Virgin Media film competition judges include Abrahamson and McGee

Irish industry ‘very conscious’ of need for more development funding, says Bill Malone

Virgin Media Discovers: As part of the €150,000 total prize pot, a shortlist of 10 entries will receive €9,000 each for the development of their script, while two scripts will win €30,000 each to fund the production of a 10-minute short film.

Virgin Media Discovers: As part of the €150,000 total prize pot, a shortlist of 10 entries will receive €9,000 each for the development of their script, while two scripts will win €30,000 each to fund the production of a 10-minute short film.

 

Director Lenny Abrahamson and screenwriter Lisa McGee are among the judges on this year’s Virgin Media Discovers short film competition, the broadcaster has announced.

The scheme has been significantly expanded in its second year after Screen Ireland came on board to partner Virgin Media. As part of the €150,000 total prize pot, a shortlist of 10 entries will receive €9,000 each for the development of their script, while two scripts will then win €30,000 each to fund the production of a 10-minute short film.

Joining Derry Girls creator McGee and Abrahamson – the director of Room, Garage and television drama Normal People – are IFTA award-winning actor Niamh Algar and the screenwriter and executive producer Ursula Rani Sarma, who has written for Red Rock and Delicious.

Irish talent

Virgin Media Television director of content Bill Malone said “the cliche of Ireland punching above its weight” was true, but the industry was “very conscious” of the need for more investment in development funding if it wants to sustain a pipeline of opportunities for Irish talent. “I’m delighted to see Screen Ireland step up to the plate.”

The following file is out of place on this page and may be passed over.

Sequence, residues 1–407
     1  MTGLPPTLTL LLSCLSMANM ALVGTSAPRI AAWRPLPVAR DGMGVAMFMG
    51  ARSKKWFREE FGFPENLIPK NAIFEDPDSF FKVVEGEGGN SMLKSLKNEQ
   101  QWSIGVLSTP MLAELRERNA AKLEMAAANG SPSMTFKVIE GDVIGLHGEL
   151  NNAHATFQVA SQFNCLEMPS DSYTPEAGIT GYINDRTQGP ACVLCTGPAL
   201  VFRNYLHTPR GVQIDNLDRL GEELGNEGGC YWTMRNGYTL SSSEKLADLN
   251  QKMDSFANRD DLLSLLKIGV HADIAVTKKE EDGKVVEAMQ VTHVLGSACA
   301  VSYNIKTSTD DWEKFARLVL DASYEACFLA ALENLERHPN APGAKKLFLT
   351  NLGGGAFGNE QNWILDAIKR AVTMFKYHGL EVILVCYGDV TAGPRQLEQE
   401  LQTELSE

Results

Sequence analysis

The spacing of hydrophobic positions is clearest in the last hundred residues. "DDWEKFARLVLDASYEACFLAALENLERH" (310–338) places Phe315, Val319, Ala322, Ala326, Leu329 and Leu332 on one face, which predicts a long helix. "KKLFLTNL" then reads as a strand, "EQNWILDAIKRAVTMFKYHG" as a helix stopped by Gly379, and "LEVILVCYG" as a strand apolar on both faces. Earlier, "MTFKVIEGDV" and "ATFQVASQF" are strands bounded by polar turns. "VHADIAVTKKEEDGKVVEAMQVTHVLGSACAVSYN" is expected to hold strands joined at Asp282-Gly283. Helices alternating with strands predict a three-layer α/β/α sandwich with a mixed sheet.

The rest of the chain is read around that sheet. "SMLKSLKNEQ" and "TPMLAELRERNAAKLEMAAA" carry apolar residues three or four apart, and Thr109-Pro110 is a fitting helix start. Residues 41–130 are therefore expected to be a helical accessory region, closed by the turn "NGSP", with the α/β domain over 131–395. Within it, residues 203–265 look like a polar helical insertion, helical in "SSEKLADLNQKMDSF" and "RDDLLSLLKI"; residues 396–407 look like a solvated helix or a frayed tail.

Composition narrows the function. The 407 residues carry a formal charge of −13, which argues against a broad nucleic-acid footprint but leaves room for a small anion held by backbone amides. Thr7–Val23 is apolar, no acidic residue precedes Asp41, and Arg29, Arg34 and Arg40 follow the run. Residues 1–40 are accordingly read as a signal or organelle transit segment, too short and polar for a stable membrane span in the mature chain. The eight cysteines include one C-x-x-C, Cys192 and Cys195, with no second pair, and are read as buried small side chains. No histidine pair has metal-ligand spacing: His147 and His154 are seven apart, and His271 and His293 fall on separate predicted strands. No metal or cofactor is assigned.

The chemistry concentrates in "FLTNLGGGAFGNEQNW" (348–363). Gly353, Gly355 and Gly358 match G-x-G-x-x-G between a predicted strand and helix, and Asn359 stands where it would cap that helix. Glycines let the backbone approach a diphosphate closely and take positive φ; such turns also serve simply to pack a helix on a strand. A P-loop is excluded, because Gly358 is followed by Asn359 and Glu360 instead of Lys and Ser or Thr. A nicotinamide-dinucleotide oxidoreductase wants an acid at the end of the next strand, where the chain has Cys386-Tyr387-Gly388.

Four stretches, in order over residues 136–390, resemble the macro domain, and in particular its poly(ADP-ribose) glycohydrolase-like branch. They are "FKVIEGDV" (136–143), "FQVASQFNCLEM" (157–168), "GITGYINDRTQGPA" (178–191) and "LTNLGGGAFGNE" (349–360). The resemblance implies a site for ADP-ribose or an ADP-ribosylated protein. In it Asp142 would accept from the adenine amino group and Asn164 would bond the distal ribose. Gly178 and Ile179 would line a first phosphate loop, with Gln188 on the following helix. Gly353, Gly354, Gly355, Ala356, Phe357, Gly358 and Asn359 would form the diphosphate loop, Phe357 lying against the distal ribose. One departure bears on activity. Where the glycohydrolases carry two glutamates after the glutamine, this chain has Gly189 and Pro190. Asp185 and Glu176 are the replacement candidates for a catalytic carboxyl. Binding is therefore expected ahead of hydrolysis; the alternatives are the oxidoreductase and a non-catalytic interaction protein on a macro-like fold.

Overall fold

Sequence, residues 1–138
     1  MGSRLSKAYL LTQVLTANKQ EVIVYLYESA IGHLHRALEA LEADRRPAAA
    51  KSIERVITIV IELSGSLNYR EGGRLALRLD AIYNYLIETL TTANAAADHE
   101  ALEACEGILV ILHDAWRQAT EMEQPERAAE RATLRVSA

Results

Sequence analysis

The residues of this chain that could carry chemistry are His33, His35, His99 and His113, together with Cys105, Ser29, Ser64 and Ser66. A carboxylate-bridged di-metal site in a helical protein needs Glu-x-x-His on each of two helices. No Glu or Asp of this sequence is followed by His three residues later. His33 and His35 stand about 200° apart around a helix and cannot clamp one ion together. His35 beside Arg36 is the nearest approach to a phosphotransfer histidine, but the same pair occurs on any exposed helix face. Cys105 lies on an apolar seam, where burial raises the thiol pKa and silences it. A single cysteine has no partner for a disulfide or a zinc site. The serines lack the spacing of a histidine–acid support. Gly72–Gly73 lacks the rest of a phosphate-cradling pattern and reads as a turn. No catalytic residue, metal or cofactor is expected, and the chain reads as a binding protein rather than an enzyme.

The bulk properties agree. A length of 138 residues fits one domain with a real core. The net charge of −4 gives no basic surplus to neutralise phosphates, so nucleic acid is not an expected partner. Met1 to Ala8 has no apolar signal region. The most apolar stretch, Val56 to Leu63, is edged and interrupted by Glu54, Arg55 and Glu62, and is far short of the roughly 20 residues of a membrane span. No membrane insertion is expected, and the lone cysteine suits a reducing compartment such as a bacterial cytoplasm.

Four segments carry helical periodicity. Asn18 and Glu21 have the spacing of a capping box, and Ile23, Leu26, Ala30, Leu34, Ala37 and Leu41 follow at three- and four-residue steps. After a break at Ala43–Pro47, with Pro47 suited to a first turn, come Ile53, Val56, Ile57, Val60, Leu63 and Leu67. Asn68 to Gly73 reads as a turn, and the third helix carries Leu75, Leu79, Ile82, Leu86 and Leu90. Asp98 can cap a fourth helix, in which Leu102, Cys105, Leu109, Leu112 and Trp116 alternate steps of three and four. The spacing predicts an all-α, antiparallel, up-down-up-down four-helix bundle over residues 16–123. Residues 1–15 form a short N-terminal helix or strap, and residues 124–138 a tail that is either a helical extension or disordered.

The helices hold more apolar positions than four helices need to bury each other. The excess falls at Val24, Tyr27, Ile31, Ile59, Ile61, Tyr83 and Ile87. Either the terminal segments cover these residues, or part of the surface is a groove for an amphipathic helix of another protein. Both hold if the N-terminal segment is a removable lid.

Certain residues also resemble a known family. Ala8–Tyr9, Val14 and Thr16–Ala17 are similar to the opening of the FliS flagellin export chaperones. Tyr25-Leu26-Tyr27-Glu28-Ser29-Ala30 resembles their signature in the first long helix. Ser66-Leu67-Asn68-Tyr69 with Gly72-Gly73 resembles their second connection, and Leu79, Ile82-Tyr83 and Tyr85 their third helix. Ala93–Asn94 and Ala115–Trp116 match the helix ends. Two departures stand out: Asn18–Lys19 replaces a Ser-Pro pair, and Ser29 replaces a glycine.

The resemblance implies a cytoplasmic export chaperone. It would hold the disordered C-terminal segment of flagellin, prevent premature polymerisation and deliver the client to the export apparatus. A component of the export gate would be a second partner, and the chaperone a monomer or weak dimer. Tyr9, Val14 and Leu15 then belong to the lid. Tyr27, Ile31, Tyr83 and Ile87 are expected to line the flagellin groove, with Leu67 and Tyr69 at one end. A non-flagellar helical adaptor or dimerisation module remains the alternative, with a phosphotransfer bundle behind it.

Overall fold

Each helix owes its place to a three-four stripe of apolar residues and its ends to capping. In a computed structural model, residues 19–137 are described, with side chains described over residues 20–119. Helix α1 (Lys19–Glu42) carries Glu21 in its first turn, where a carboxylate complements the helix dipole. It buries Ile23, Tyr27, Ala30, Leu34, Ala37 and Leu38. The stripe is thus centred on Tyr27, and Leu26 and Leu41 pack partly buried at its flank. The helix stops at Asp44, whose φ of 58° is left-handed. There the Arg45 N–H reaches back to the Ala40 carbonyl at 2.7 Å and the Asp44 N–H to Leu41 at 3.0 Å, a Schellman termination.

Some entries “could end up being the kernel of an idea that becomes something else”, he added.

The competition is open to new, emerging and established talent and has a closing date of November 30th. The two winners will be broadcast on Virgin Media Television, made available on Virgin’s on-demand platform and will also form part of next year’s Virgin Media Dublin International Film Festival (VMDIFF).

Covid uncertainty

Last year’s winner, Innocent Boy, written and directed by John Connors, was shown at the Irish Film Institute.

“Obviously we will have to wait and see what form the film festival can take in the Covid era. It depends on so many factors all outside of our control,” said Mr Malone, who also sits on the judging panel, with Screen Ireland television project manager Andrew Byrne and VMDIFF festival director Gráinne Humphreys completing the line-up.

The competition will help to encourage and support creative film-makers in a difficult period, said Abrahamson. “In the best of times it can be very tough for film-makers to get their ideas realised and out in front of an audience. This year, as we battle through a global pandemic, the challenges are huge.”

McGee said she was looking forward to highlighting fresh Irish film-making talent. “I can’t wait to get my hands on the scripts.”